Anyone who judges people according to generic characters gets only as far as the frontier where people begin to be beings whose activity is based on free self-determination. Whatever lies short of this frontier may naturally become matter for academic study. The characteristics of race, people, nation and sex are the subject matter of special branches of study. Only men who wish to live as nothing more than examples of the genus could possibly conform to a general picture such as arises from academic study of this kind. But none of these branches of study are able to advance as far as the unique content of the single individual. Determining the individual according to the laws of his genus ceases where the sphere of freedom (in thinking and acting) begins. The conceptual content which man has to connect with the percept by an act of thinking in order to have the full reality (see Chapter 5 ff.) cannot be fixed once and for all and bequeathed ready-made to mankind. The individual must get his concepts through his own intuition. How the individual has to think cannot possibly be deduced from any kind of generic concept. It depends simply and solely on the individual. Just as little is it possible to determine from the general characteristics of man what concrete aims the individual may choose to set himself. If we would understand the single individual we must find our way into his own particular being and not stop short at those characteristics that are typical. In this sense every single human being is a separate problem. And every kind of study that deals with abstract thoughts and generic concepts is but a preparation for the knowledge we get when a human individuality tells us his way of viewing the world, and on the other hand for the knowledge we get from the content of his acts of will. Whenever we feel that we are dealing with that element in a man which is free from stereotyped thinking and instinctive willing, then, if we would understand him in his essence, we must cease to call to our aid any concepts at all of our own making. The act of knowing consists in combining the concept with the percept by means of thinking. With all other objects the observer must get his concepts through his intuition; but if we are to understand a free individuality we must take over into our own spirit those concepts by which he determines himself, in their pure form (without mixing our own conceptual content with them). Those who immediately mix their own concepts into every judgment about another person, can never arrive at the understanding of an individuality. Just as the free individuality emancipates himself from the characteristics of the genus, so must the act of knowing emancipate itself from the way in which we understand what is generic.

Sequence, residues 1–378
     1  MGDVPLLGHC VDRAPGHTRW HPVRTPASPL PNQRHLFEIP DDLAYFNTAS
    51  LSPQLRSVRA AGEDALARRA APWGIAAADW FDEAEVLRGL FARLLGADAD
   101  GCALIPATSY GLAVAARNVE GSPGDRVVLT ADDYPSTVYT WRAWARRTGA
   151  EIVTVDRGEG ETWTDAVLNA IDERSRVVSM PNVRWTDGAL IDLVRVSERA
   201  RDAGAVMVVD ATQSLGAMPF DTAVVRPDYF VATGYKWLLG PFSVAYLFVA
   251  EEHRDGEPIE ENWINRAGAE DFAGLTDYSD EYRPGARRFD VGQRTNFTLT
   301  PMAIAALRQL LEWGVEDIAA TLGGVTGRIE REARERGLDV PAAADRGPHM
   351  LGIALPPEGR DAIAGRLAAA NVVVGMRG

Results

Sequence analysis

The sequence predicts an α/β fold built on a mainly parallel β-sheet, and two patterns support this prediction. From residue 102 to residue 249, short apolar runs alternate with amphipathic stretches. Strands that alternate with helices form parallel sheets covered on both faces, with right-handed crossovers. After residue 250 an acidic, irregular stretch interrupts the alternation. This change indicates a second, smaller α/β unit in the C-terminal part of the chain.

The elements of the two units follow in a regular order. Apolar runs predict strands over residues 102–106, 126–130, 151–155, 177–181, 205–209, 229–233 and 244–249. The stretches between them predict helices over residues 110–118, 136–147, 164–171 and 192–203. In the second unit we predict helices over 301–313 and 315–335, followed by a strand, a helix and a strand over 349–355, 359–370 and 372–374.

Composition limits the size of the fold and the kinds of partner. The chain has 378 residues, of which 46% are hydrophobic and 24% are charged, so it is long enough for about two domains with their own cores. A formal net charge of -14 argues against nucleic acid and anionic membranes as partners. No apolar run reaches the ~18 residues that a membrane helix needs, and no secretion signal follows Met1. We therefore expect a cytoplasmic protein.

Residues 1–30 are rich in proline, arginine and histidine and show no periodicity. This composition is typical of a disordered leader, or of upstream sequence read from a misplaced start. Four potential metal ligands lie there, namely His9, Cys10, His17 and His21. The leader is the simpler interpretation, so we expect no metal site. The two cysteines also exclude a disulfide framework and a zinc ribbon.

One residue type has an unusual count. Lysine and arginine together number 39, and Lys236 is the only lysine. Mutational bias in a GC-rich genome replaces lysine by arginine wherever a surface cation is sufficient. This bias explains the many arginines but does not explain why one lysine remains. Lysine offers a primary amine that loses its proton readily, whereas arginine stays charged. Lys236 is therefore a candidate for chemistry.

Only to the extent that a man has emancipated himself in this way from all that is generic, does he count as a free spirit within a human community. No man is all genus, none is all individuality. But every man gradually emancipates a greater or lesser sphere of his being, both from the generic characteristics of animal life and from domination by the decrees of human authorities.
As regards that part of his nature where a man is not able to achieve this freedom for himself, he constitutes a part of the whole organism of nature and spirit. In this respect he lives by copying others or by obeying their commands. But only that part of his conduct that springs from his intuitions can have ethical value in the true sense. And those moral instincts that he possesses through the inheritance of social instincts acquire ethical value through being taken up into his intuitions. It is from individual ethical intuitions and their acceptance by human communities that all moral activity of mankind originates. In other words, the moral life of mankind is the sum total of the products of the moral imagination of free human individuals. This is the conclusion reached by monism.